Like Sleeping Beauty, British politics has been in a deep slumber since June 23rd, 2016. Will 2018 by the year the UK wakes up?
The decision of 37% of the electorate to vote to leave Europe has cast a spell on UK democracy. What no one foresaw was the way Brexit would become the Ebola Virus of normal political activity. It has sucked all life out of British democracy.
Prime Minister Theresa May’s latest attempt — a cabinet reshuffle — merely rearranges the chairs on the deck of her Titanic.
May’s other Brexit-related gimmick – the announcement to turn the colour of the UK passport away from the EU’s burgundy color into a nice shade of Tory blue in the future – is telling. It would be the same colours as Croatian and North Korean passports.
Better yet, finding £500 million to introduce and run her new Brexit passports shows how far Brexit has sunk. What once were the lofty proclamations of “Independence Day” by Brexit enthusiasts has now turned into a Twitter scorn storm about “Colour Me Blue.”
The Brexit spell
But the real damage is found elsewhere. The UK Government has not taken a serious measure since June 2016 to deal with any of the many pressing national problems. The cabinet reshuffle isn’t going to change much other than perhaps firmer planning for a “no deal” scenario.
Nothing is really moving in Britain because of the spell Brexit has cast over Westminster. It is not just Big Ben that has fallen silent for three years of restoration. So have all British MPs. Of course, they can still while away their time on Question Time, LBC or the Today program. And they can denounce each other as sex maniacs, as has become the fashion lately.
Meanwhile, these politicians have nothing to say on how to solve homelessness, the terrifying crisis in UK health care or the poisonous pollution of our air. Not to mention the most broken down railway system in Europe or mending the most pot-holed pavements in the industrial world.
Mrs. May, for her part, has wasted the past 12 months on licking the boots of the most rabid xenophobic elements of her anti-European Tory right. Ever wonder why? Well, the average age of a Conservative Party member is 71.
No wonder Mrs. May dare not appeal to younger generation voters. Doing so would lose her support as Prime Minister in her own party.
The “Three Musketeers of Brexit”
Her supposedly smart move had been to appoint the “Three Musketeers of Brexit” – Boris Johnson, David Davis and Liam Fox – as top rank cabinet ministers. The hope was that, by rising them up from their political graveyard where previous Tory leaders had buried them, they would be fenced in.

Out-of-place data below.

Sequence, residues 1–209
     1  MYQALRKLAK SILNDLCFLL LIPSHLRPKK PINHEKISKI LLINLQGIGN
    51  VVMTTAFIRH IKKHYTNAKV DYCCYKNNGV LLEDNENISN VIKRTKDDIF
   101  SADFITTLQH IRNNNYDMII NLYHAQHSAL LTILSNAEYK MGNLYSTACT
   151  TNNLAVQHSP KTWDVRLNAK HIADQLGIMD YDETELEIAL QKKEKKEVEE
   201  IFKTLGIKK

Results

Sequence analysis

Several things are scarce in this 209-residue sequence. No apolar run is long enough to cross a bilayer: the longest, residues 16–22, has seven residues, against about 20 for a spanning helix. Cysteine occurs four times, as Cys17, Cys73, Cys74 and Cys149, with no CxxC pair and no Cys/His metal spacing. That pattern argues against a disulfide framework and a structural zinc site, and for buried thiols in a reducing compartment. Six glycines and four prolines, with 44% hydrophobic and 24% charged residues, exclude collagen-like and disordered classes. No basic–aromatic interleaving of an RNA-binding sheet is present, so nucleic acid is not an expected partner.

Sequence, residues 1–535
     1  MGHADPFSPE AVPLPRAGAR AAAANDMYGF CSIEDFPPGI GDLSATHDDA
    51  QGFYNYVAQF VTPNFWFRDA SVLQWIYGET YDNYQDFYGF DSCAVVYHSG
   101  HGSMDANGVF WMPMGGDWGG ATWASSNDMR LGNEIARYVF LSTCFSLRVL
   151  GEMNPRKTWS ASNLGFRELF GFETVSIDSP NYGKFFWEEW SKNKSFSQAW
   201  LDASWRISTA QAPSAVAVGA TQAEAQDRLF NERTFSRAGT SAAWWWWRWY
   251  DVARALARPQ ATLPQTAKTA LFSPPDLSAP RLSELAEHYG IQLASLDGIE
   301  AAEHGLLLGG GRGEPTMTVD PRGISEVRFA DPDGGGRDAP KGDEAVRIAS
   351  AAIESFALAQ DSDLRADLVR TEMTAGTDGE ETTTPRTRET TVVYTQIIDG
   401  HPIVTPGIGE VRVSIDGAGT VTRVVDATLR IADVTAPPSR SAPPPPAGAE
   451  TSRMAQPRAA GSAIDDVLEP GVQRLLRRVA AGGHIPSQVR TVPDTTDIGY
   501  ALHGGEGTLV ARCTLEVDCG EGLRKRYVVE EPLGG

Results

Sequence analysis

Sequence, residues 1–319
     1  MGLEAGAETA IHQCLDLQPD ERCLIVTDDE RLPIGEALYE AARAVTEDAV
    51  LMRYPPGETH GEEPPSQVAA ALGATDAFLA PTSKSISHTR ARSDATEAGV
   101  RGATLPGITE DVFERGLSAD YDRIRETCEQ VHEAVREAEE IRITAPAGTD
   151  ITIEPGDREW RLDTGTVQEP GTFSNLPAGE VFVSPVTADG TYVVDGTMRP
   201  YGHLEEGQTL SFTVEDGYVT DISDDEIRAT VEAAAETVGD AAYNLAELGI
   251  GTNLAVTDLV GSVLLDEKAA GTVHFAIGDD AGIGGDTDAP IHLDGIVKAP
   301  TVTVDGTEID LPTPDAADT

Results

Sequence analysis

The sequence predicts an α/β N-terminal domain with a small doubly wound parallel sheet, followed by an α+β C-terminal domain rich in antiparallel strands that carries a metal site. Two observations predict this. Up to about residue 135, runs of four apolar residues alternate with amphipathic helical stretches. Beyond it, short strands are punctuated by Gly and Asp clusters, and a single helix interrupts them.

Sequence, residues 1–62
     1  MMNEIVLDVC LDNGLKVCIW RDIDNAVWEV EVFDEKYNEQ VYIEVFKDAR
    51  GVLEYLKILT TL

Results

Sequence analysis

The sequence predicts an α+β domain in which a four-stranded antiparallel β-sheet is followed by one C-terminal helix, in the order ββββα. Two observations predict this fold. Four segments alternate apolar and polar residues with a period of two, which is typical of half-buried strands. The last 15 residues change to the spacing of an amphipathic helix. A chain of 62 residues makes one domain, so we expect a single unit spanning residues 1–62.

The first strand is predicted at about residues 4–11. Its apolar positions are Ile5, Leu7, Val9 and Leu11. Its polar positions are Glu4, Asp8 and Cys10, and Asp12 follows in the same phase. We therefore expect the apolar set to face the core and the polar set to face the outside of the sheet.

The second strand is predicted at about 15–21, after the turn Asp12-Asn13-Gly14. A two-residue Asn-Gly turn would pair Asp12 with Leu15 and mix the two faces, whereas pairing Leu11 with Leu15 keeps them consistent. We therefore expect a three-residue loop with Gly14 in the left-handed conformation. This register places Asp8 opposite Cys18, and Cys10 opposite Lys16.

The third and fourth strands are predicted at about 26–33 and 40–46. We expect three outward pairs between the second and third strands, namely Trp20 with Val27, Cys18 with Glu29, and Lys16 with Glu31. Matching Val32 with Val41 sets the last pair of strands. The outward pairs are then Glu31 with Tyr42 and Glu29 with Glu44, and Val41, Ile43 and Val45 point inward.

So far, they have delivered nothing – even though brand new government departments were created for David Davis and Liam Fox at huge taxpayer cost.
Their political “skill” has been to show a lot of bluster – and get basically nothing in return from their negotiating partners. After trying to bully the EU negotiator, Michel Barnier, David Davis has rolled over and accepted all EU demands on money, EU citizens living in Britain and Northern Ireland.
Liam Fox has clocked more air miles than all other Tory ministers. Alas, so far he has not found one country that thinks Britain walking out of the world’s biggest market is a good idea and is willing to sign a trade deal that benefits British exports.
Boris Johnson is a global embarrassment, widely derided as a clown and a liar by the establishment British press. He is treated with scorn around the world as he makes his jokes about local people that go down disastrously.
Mrs. May also called her election a year after the Brexit vote — and lost 40 MPs. Even so, Mrs. May is seen as a more impressive leader than Corbyn.
Labour has failed to make any impact on the biggest issue in British politics since 1945 – how to handle Brexit. Most Labour MPs know that leaving the EU’s Single Market – the official position of Jeremy Corbyn and his shadow cabinet – would kill foreign investment.
Britain would face the biggest de-industrialisation crisis since the 1980s. Tax revenues are already shrinking as a result of the Brexit slowdown in the economy. As EU economies grow strongly, the UK economies have registered the lowest economic growth in decades.
This should be a heaven-sent chance for Labour to tear into the Tories. Along with the other opposition parties, it should create a force-field for radical change in Britain.
At a minimum, Labour should offer a new referendum once the facts of a final deal are clearer in 2019. But Brexit is sucking the entrails out of Labour as much as it does to the Tories.
This paralysis cannot last much longer. The Brexit agreement must be finalised by October of this year. Do British politics have to wait that long to come back to life?
Denis MacShane is a former Minister for Europe in the UK and a Senior Advisor at Avisa Partners.